Anglo case: Global financial panic influenced conspiracy
McAteer and Bowe’s actions aimed to boost bank’s balance sheet
Anglo Irish Bank’s former HQ on St Stephen’s Green in Dublin. File photograph: Bryan O’Brien
The criminal conspiracy of which former Anglo Irish Bank figures Willie McAteer and John Bowe have been found guilty took place in late September 2008 against a backdrop of international panic in the financial services sector.
The bank was preparing its accounts for the year to the end of September, and felt it had to boost its deposits, which were becoming seriously depleted.
The court heard in detail during the trial about the problems in the international banking system and how this meant depositors were looking for safe harbours.
Anglo Irish Bank was facing difficulties: its share price had fallen sharply and the trial focused on a transaction designed to improve its year-end account for 2008, which the prosecution held amounted to a conspiracy.
Meanwhile, detailed evidence was also given that Irish bankers were getting a clear message from the financial regulator and the Central Bank that they should “put on the green jersey” and help each other get through the storm.
McAteer was at the time Anglo’s director of finance and Bowe was its head of capital markets.
Both men have now been found guilty of being party to a criminal conspiracy for their role in circular transactions whereby Anglo lent a total of €7.2 billion to Irish Life and Permanent, which in turn, via Irish Life Assurance, lent the money back to Anglo.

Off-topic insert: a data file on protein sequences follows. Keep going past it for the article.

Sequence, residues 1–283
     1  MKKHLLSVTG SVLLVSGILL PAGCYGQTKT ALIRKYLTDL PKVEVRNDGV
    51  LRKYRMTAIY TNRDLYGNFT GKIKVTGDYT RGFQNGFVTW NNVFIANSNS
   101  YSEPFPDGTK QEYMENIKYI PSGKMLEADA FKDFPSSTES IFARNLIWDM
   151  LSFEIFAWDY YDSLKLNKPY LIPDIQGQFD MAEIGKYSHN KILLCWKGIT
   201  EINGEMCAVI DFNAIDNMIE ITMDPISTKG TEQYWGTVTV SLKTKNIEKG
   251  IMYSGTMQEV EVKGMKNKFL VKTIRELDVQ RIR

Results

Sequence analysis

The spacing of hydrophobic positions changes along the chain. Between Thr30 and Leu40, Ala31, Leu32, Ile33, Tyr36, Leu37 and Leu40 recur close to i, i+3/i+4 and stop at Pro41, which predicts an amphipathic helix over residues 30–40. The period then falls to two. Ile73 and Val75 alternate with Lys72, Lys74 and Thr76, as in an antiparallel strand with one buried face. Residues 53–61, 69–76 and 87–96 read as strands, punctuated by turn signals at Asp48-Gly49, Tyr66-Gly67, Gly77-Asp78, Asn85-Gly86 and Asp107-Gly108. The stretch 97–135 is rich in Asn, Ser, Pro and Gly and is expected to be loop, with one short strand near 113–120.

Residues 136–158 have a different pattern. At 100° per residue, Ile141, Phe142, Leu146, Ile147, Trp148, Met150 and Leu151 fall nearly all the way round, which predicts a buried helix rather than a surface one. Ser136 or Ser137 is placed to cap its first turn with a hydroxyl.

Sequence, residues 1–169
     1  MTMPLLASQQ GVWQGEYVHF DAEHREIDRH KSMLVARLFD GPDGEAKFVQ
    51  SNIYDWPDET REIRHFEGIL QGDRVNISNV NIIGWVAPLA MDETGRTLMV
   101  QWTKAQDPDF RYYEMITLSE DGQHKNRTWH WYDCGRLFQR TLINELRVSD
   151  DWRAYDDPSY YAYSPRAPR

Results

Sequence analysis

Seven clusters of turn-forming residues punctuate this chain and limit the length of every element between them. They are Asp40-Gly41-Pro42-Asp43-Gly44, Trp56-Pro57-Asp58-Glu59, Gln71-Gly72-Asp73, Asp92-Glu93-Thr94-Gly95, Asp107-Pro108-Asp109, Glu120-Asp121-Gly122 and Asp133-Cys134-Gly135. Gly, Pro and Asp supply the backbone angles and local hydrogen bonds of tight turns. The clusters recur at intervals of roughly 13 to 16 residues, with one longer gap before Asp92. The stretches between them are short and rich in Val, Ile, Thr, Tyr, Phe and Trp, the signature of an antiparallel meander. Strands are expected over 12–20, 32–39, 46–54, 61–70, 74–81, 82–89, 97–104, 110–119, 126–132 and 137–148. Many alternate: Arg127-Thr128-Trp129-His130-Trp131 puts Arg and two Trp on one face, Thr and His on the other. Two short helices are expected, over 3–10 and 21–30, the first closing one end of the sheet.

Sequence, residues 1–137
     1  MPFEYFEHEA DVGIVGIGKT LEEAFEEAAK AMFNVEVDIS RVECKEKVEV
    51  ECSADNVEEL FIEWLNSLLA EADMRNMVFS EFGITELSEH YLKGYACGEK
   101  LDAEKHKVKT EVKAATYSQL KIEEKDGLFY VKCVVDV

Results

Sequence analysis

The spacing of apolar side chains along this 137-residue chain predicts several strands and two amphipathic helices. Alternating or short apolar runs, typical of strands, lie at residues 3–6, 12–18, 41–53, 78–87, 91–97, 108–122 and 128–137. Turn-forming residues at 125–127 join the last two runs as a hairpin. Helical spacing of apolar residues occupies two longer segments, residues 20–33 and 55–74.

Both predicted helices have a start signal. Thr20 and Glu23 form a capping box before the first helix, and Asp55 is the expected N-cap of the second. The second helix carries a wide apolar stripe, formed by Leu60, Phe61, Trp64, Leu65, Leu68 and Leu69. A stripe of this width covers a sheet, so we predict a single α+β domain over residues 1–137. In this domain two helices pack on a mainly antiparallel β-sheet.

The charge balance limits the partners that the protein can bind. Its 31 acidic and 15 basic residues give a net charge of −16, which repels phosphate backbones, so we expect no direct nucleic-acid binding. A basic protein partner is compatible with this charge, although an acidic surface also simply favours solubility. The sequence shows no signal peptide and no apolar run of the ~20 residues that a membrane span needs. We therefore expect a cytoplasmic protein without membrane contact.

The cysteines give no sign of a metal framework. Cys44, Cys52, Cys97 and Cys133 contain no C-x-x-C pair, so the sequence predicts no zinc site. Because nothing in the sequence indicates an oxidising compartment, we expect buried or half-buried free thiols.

The net result was to boost Anglo’s balance sheet, making it look more attractive to investors.
Lawyers for the Anglo accused argued that their clients believed that the deposits were real deposits and were accounted for correctly on Anglo’s balance sheet and so no fraud was carried out.
The bulk of the money flowed in transactions that took place on September 29th and September 30th, 2008, with the latter being the date on which the Irish government announced its guarantee for the deposits of six Irish banks, including Anglo.
Ironically, the announcement of the guarantee instantly made the Irish banks attractive to depositors.
Also on that day, the Central Bank supplied Anglo with €1 billion in emergency funding after the bank said it might not otherwise be able to meet its obligations.
Neither McAteer nor Bowe gave evidence during their trial. However, Bowe’s work with Anglo meant that all his telephone conversations were recorded and snatches of conversations relevant to the charges were disclosed at the trial.
The trial also heard of voluntary statements the accused had given the Garda. Matt Cullen, senior manager at Anglo’s treasury department, gave evidence of discussing the then proposed transactions with both Drumm and McAteer, and their giving their approval.
When an official in Anglo, Tony O’Hanlon, refused to sign off on the transactions,because of their size, McAteer, the trial heard, did so in his capacity as chief risk officer.
The details of an Anglo audit committee meeting on November 18th, 2008,when the transaction was discussed, also featured in the trial.
The two men were charged in 2013 after the Garda Bureau of Fraud Investigation initiated inquiries into the transactions in March 2009.
The trial, before Judge Martin Nolan, began in January of this year and is the longest running trial in the history of the State.
The two men have been remained on bail until tomorrow.